Deciding who will pay for what could be tricky, especially in the first year of marriage. Some couples prefer to pool all of their money with each person getting a personal allowance to do with what they please. Others keep things separate, except for shared household expenses.

Things can get more complex if there’s income disparity, or if one spouse doesn’t work at all. Whichever approach you take, the key is to come up with a plan that both parties are comfortable with.

One expert solution that works for many couples is to calculate joint monthly bills (with the help of a financial planner if necessary), and contribute to a joint account in proportion to your individual income. So for example, if one partner earns $50,000 and the other brings in $100,000, their joint bills of $3,000 would be split so that the higher earning partner pays $2,000 to the other’s $1,000. Individual expenses can still be kept separate and paid for from individual accounts.

Those who have a tighter budget to work with might turn to a more extreme solution called “microbudgeting” to better track spending and saving. You can use smaller, more narrow categories of spending and tracking on a weekly rather than monthly basis, which can help you zero in on the financial habits that are working well and those that aren’t.

“Till debt do us part”
No newlywed ever wants to imagine being divorced, but it’s not a bad idea to know how debt might be handled should that day ever come. As mentioned above, if you live in a community property state, all assets and liabilities incurred during the marriage are typically split down the middle. Even if you live in a state without these laws, the judge may assign one of you to repay the balance on an individually held card that you might not have ever used.

Also worth noting is that if post-divorce an ex-spouse neglects to pay on an account that is in the other ex-spouse’s name, the account holder doesn’t have much recourse. (Can you say, “’til debt do us part”?) The card issuer wants to get paid, and it’s the primary card owner who is legally on the hook for the debt, no matter what the divorce decree says. If divorce is the unfortunate outcome of your marriage, it’s in everyone’s best interest to try to settle debts prior to the proceedings. Or better still, live as close to a debt-free lifestyle as possible.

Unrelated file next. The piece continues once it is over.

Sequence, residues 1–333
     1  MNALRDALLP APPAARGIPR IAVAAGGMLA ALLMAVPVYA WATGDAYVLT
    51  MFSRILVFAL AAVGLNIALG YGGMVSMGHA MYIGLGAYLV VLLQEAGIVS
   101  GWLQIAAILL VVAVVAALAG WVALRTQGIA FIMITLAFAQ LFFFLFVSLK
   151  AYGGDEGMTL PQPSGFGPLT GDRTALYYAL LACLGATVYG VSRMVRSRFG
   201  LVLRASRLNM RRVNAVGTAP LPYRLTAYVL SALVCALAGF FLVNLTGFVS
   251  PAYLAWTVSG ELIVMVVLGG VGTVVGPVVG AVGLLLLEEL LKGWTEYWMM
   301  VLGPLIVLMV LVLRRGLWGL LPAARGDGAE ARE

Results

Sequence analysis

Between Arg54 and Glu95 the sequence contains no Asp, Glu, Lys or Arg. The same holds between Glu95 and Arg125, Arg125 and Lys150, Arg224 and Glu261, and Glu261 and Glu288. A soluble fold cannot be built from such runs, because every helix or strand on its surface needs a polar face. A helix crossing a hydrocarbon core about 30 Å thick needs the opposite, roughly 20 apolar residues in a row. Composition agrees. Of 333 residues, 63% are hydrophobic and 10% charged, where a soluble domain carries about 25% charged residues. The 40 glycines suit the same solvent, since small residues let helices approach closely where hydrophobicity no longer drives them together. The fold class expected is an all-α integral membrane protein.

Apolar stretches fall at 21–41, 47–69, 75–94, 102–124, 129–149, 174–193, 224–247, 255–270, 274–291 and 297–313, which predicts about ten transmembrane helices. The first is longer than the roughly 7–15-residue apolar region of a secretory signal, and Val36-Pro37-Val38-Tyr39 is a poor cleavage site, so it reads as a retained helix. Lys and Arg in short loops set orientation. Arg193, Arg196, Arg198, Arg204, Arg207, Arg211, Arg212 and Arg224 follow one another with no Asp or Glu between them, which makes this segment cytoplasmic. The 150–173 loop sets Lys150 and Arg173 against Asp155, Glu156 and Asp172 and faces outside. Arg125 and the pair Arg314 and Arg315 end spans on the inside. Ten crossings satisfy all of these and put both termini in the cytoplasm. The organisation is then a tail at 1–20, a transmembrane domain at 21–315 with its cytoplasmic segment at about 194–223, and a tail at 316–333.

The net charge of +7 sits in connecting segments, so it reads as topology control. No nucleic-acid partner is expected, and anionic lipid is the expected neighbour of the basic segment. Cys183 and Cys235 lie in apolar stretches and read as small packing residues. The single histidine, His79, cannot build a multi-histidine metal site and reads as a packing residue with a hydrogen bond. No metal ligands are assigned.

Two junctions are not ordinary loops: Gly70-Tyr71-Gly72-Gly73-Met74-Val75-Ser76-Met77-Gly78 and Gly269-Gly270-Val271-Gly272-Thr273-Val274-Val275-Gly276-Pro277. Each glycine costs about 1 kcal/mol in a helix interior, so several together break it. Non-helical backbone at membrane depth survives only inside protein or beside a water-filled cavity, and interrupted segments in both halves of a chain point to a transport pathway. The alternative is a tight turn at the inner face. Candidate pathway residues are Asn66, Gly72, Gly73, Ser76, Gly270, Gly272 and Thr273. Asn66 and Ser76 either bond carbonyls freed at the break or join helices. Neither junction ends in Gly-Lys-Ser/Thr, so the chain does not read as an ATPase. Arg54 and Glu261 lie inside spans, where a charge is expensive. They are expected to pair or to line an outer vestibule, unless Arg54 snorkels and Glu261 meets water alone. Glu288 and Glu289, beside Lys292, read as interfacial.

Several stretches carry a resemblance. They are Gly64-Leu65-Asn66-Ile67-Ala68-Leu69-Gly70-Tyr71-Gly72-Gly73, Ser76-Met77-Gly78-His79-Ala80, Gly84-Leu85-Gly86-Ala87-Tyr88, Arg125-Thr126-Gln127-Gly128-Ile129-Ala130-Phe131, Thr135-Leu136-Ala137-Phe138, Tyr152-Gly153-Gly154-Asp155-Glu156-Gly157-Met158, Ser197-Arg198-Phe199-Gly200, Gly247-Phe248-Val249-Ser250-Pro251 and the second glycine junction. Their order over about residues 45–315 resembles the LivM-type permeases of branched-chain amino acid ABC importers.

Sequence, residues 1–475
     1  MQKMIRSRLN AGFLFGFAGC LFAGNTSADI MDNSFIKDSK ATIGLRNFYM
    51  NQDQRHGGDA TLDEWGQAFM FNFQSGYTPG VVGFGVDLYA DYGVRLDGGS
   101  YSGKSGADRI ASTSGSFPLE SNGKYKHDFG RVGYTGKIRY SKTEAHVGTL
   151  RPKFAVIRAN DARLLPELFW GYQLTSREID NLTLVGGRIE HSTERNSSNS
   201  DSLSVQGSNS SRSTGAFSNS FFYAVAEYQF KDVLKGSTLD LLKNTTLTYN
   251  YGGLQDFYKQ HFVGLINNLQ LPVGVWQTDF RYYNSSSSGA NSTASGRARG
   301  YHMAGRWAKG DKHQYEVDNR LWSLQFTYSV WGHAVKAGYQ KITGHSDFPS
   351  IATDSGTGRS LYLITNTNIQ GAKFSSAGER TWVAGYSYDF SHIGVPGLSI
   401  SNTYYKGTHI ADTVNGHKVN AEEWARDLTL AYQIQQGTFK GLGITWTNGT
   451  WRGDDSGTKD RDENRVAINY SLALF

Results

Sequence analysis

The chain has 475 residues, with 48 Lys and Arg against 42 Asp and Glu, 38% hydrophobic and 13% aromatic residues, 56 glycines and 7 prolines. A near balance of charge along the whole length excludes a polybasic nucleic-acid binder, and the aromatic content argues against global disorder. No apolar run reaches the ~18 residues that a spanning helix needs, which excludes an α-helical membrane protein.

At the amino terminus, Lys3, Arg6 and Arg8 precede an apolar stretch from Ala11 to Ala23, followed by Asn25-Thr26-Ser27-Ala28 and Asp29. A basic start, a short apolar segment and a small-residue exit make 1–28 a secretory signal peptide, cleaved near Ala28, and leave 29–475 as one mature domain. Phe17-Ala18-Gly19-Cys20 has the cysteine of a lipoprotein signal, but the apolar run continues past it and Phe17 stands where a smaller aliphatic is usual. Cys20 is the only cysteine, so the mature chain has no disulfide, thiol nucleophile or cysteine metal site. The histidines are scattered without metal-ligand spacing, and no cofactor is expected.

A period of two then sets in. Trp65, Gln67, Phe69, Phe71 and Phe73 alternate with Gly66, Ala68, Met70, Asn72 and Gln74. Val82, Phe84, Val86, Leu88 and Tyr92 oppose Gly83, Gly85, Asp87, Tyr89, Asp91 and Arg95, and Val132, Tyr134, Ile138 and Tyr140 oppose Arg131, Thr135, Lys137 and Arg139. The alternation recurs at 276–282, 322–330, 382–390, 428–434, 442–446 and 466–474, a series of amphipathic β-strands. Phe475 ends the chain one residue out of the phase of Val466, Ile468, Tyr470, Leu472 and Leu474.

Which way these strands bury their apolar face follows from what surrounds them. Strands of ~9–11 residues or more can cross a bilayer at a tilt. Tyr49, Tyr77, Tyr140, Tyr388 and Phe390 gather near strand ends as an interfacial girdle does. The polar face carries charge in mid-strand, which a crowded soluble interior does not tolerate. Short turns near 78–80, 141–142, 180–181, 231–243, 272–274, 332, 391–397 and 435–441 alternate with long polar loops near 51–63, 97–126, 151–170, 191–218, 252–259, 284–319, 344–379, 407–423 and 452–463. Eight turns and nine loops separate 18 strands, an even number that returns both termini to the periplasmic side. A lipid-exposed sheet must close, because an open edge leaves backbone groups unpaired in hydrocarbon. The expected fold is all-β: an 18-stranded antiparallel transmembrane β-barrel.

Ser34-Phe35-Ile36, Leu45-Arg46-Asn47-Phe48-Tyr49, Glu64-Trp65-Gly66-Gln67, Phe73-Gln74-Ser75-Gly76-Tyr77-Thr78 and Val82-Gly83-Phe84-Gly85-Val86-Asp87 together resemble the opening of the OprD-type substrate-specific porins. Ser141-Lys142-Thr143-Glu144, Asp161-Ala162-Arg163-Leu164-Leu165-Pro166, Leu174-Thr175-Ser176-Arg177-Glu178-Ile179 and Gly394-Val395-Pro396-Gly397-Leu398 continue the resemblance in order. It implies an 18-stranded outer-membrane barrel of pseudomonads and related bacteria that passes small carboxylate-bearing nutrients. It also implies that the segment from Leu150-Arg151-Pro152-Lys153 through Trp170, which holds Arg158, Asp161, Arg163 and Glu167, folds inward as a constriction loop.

Planning a future: Buying a home

A common newlywed goal is to save up and buy a home together. As with other money matters, this huge undertaking — which often comes with a 30-year mortgage commitment — needs to be thoroughly discussed so that both spouses understand the financial implications.

And, because it’s rare that both parties will be able to contribute equal amounts to the down payment and mortgage payments that follow, there are some decisions that will have to be made in regards to ownership and responsibility.

Questions to discuss include:

  • How are you going to pay for it?
  • Will the mortgage be held in one or both names?
  • Who is contributing what to the down payment?
  • And how will all that matter should the day ever come that you part ways?

Ideally, you should postpone buying a home (or any major purchase) until you both have strong credit, enough income to support home ownership, and savings. If one spouse’s credit is poor, you could end up with a subprime loan, and pay thousands of dollars extra over the life of the loan.

Financial counseling for couples
Whether it’s creating a budget, figuring out savings goals, or managing a financial crisis, couples shouldn’t hesitate to get some advice from an objective outsider. Not only will it help your bank accounts, but it could save your relationship. Working with a financial adviser means that no one person is on the hook for a poor decision, and emotions or biases (that could come from well-meaning family members, for instance) won’t prevent you from getting solid advice.

One reason to work with a professional might be to figure out how to weigh your immediate concerns (saving for a house or paying off debt) with your long-term goals (retirement, college savings for children). Having a game plan in your 20s and 30s could help you in your 50s and 60s, and as you grow old together.

Happily ever after: Growing stronger financially as a couple
Being prepared for ups and downs — including financial ones — can help newlyweds face challenges together and grow stronger as a couple. By not letting money matters muck up your marriage, your relationship will grow richer each year.